Defenders of Ardania – Preview

It takes a lot to stand out for tower defence games these days. As the market is inundated with new ones constantly, developers have to come up with new ways for people to kill bad guys with well-placed structures. Some choose to go for a more up close and personal route, allowing the player to be on the ground while the enemy attacks; others don’t stick to the classic grid structure and allow for turrets to be placed anywhere; others still choose to blend the genre with other genres, such as the RTS. Defenders of Ardania is one of these games.

In Defenders of Ardania, you need to defend your castle by building a variety of different towers on specific squares on a grid so that the enemy troops can’t get in. So far, so regular. The two towers I got to use were a crossbow tower, which fires crossbows (obviously) and is good for taking out single enemies, and a catapult, which is more suited for groups. You can only build ten towers, so you have to work out the best set-up for the waves of enemies coming at you, although in my experience sticking to catapults seemed to work out OK.

The RTS flavoured twist comes in the form of having to attack the enemy base. You can choose from a variety of different troops to do this with, including swarmers, a small group of guys who are fairly quick on their feet and cheap to build, soldiers, who are slow but can attack other troops, healers, who… uh, heal, and assassins, who are fast but have low HP. You can queue up a bunch of units to send out, and then they walk along the fastest route to get to the enemy base. It’s a novel twist on the tower defence game, certainly, but it comes with its drawbacks.

For starters, every single tower square is fair game for both sides, meaning that the enemy can build a bunch of turrets right next to your castle and spawn kill you to their heart’s content. Obviously this works both ways, but then you end up in a stalemate situation where no one can attack because their troops are getting killed before they’ve even got their boots on.  Aside from that, the only unit worth producing is the swarmer. Every other unit walks too slowly and ends up with a face full of enemy catapult, meaning you just wasted your gold on an attack that could have been done by about five groups of swarmers. Which isn’t to say the swarmers are prone to attack, just that if a group of them dies they can be quickly and cheaply replaced. Throw enough swarmers at the enemy and you win, or so it seemed, so while the choice is there for other units, there really isn’t much point.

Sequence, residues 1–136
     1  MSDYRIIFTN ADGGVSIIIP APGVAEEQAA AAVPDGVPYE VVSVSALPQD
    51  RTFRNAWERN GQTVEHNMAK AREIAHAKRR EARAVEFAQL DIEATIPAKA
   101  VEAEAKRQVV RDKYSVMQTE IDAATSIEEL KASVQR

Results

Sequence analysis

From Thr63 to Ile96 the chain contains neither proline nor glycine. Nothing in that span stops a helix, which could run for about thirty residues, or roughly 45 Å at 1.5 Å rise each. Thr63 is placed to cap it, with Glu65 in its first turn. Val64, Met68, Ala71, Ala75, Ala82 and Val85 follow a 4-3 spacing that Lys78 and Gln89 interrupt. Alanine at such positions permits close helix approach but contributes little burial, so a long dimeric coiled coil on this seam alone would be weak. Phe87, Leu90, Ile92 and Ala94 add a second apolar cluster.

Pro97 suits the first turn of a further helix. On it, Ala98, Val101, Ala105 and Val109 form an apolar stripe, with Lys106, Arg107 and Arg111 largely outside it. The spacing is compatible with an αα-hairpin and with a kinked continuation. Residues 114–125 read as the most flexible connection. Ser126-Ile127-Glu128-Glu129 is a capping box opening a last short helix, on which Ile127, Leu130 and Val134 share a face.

There are some bizarre control choices too. For example, why can I not click on a square to place a tower? Instead you have to hover over it and press Space. This could be because the game is being made for consoles too, which naturally don’t have a good clicking function, but then that just feels like a lack of attention to detail when it comes to other consoles. Also, why is the grid not shown by default? In a game where everything is based around these squares, why do I actively have to bring them up? It’s a minor complaint, as you soon get into the habit of switching the grid on at the start of a match, but it still baffles me.

Still, the game looks lovely. Even from a top-down perspective the environments are rich and wonderful, with some good water effects and a really nice, happy colour palette. Everything’s lovely and green and shiny, and it’s a real treat for the eyes. The towers are also quite impressive too, but the units look they could do with a little polish, and their dying animations go on for far too long.  The audio doesn’t quite match up to the loveliness of the graphics, however. Your main helper sounds like he’s doing a poor impression of Sean Connery, and all the other voices are also quite grating. The soundtrack, however, fits nicely with the environment but doesn’t exactly stand out on it’s own. It might be a little too late in the development to re-do the voice acting, but it would certainly help the overall package.

Defenders of Ardania still has a way to go before its release, so there’s plenty of time to iron out the kinks in the gameplay and animation. But the question is, can it stand up to its competitors? The promise of four-player battles (which weren’t available in the preview) is a tempting proposition, and for some quick fun it certainly seems like it could be a solid title, but with so many great tower defence titles already out there, it looks like the game might struggle to get noticed.

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One Comment

  1. [...] Any of you who know me will have seen my preview of Defenders of Ardania on GL (and if you haven’t seen it then you’ll undoubtedly have seen links to it on Facebook and Twitter). That was written during uni time, and was actually probably the hardest preview/review I’ve ever had to write, and one that took me the longest of any article I’ve ever attempted. I won’t go into the reasons why (that would be unprofessional), but you should definitely go read it, oh, say, here. [...]

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